Team Leader To-Do’s for Constructive Feedback
As a team leader, providing feedback is essential: it lets team members know your expectations, how they are performing as individuals, and measures their contributions to the team project goals. While an organization typically has a formal performance review process, successful team leaders provide feedback on a regular basis to address problems and to keep the team sharp.
What guides the feedback process for successful managers? David Jones, Managing Director of Protiviti and a former director of human resources firm Robert Half International, provides seven principles for giving constructive feedback.
1. Talk about the situation, not the individual
Constructive feedback focuses on outcomes and observations – not the employee’s personal attributes. Feedback that centers on the individual can be interpreted as a personal attack rather than an objective appraisal. By addressing the situation itself, you are telegraphing that the problem is fixable and that you are enlisting his or her participation in creating a positive outcome.
2. Provide the why
Structure your feedback around why improvements are important. If the issue is a team member who is not actively participating in meetings, note that his or her reticence creates an additional load for teammates and likely delays completion of the project, which will adversely affect clients. By clarifying that the goal is a positive outcome, your feedback will come across as objective and not as commentary on the person’s character.
3. Be direct but informal
Feedback is best delivered in person. Find a quiet space in the office or online for a face-to-face. While a feedback session may be more informal than a performance review, don’t beat around the bush: explain the ‘why’ of the feedback and get to the point. As your people skills improve, you will learn to interpret a person’s body language and vocal tone as well as his or her words.
4. Make it timely
Positive feedback is most beneficial when it is timed with the achievement itself. Timing is also important for negative feedback, but it may be wise to wait a bit to avoid a discussion fueled by anger or disappointment. With all feedback discussions, the focus should be on guiding a team member to an understanding of performance and project goals and how the individual can improve.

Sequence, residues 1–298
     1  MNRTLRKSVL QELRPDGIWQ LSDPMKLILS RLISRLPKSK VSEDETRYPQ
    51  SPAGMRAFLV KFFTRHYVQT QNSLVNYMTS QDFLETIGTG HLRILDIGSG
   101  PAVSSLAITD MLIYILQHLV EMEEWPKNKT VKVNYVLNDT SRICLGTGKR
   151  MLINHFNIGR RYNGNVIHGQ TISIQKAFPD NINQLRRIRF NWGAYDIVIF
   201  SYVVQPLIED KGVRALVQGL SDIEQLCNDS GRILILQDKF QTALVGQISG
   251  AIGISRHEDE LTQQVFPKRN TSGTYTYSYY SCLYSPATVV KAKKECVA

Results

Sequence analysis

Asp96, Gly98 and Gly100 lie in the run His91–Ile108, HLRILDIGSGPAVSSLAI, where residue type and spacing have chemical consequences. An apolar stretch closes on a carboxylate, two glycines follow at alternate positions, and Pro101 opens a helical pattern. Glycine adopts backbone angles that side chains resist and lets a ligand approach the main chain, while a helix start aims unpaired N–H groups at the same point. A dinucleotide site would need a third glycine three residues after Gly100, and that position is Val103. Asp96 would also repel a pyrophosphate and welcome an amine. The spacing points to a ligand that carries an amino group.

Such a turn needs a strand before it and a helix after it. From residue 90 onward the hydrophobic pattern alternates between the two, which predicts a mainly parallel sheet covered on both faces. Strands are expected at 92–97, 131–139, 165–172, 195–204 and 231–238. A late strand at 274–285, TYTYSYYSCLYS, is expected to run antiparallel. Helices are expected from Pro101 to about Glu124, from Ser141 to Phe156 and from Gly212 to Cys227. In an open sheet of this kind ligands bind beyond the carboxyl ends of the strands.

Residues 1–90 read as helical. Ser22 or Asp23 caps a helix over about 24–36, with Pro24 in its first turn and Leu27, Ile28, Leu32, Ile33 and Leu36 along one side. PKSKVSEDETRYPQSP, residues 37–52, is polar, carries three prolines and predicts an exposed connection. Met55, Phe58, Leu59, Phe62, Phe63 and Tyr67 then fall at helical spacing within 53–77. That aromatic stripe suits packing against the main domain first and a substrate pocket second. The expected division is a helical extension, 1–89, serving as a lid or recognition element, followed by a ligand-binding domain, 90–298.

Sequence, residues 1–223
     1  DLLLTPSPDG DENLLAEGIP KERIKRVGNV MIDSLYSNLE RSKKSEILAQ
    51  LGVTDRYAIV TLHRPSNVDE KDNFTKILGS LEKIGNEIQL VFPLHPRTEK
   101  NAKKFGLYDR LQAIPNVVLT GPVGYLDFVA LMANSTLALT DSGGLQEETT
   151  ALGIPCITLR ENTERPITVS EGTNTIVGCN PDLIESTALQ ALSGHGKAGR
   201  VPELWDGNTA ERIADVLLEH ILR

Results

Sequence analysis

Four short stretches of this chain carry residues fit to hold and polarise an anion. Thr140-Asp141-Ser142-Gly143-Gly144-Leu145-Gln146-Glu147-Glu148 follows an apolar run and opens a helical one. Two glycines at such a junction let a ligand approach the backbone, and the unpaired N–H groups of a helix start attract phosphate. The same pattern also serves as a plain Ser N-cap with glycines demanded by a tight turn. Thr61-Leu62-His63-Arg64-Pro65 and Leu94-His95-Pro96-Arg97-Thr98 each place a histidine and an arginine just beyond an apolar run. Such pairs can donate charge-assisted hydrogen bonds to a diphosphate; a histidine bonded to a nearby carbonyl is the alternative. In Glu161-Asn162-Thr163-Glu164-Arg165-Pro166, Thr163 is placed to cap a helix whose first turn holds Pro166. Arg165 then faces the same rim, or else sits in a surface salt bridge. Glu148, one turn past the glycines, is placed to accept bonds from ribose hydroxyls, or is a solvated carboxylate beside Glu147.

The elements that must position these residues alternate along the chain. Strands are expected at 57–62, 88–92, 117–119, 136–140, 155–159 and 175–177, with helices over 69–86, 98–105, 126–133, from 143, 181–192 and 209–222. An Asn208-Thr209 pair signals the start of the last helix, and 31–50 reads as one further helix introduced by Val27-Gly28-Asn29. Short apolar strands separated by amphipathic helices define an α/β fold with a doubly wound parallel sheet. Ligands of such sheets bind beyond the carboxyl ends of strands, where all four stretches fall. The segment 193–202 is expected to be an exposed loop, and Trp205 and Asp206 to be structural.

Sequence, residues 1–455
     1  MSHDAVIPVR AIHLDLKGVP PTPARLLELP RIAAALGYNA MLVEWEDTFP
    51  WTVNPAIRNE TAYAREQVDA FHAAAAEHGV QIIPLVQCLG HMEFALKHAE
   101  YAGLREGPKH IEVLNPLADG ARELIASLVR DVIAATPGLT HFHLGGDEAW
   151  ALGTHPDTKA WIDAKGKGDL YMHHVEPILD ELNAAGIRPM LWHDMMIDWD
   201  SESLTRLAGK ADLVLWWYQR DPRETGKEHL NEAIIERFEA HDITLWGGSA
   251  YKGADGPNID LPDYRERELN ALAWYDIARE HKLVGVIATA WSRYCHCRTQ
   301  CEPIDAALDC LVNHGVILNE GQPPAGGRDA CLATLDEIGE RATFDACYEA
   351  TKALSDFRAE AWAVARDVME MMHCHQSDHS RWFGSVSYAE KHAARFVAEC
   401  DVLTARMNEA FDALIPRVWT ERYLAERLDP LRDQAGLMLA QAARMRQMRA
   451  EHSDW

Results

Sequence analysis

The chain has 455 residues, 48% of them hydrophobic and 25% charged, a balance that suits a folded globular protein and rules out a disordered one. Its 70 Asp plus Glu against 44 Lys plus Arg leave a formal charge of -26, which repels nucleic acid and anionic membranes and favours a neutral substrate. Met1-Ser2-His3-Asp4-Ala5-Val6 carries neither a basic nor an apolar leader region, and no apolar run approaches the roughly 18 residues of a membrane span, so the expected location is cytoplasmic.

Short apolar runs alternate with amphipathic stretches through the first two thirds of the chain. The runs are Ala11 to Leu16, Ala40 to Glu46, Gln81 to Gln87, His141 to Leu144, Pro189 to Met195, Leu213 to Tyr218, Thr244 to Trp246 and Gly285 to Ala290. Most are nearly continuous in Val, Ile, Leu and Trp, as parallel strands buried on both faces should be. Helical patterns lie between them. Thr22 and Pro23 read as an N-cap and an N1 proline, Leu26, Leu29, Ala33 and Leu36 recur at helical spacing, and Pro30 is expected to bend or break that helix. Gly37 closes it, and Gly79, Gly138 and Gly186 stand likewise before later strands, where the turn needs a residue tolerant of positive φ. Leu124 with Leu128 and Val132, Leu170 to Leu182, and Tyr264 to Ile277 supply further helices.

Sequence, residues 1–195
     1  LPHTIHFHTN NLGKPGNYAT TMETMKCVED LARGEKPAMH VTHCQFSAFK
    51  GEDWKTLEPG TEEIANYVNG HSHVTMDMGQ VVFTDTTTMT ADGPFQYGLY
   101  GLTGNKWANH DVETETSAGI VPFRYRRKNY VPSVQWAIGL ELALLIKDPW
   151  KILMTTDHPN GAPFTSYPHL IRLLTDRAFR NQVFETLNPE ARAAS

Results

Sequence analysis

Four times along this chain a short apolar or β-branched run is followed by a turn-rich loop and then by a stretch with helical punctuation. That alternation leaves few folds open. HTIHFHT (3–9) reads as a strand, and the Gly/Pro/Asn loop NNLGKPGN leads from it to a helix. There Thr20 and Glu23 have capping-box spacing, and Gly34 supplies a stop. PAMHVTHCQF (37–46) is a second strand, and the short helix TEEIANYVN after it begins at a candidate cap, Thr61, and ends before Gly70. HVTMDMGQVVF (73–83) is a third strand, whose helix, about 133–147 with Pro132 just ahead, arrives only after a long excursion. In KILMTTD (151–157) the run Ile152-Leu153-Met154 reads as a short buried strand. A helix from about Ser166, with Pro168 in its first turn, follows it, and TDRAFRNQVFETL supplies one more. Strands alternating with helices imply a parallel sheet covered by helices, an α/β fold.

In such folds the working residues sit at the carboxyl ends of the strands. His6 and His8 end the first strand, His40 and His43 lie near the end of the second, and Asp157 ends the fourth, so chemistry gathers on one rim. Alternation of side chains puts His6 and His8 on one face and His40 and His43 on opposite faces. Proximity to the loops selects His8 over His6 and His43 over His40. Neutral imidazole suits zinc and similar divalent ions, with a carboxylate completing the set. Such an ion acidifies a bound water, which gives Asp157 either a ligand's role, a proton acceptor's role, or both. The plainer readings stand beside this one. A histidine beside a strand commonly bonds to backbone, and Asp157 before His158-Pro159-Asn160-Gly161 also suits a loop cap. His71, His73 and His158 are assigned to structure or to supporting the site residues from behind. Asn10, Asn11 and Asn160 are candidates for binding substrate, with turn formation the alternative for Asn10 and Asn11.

5. Give praise when praise is due
In providing feedback, always provide the good with the bad: “Yes, you helped the team meet its project deadline and stay within budget; but multiple rounds of revisions on your work were a real challenge.” By acknowledging positive contributions but isolating aspects of the job that need improvement, you let the team member know that you are providing a balanced assessment.
6. Be sincere
Your tone, body language and choice of words must be consistent with the message you are conveying. If the feedback is positive, let your demeanor and tone indicate that you appreciate his or her efforts. For negative feedback, a more concerned tone will show that you believe the problem should be taken seriously. No matter what the issue at hand may be, avoid overly emoting: false praise, anger, sarcasm, or disappointment will nullify your attempt to create a constructive exchange.
When you’re giving constructive feedback, make it a real conversation: make sure your team member has a chance to respond. Not only does this demonstrate that you are interested in his or her interpretation of the issue, but it also provides a basis for you to engage them to be part of the solution.
Whether positive or negative, constructive feedback is one of the most powerful team development tools at your disposal. Fortunately, developing constructive feedback skills can be learned. San Jose-based Effective Training Associates (ETA) specializes in people skills for engineers, managers, and tech professionals. ETA’s instructor-led courses and webinars include several devoted to feedback: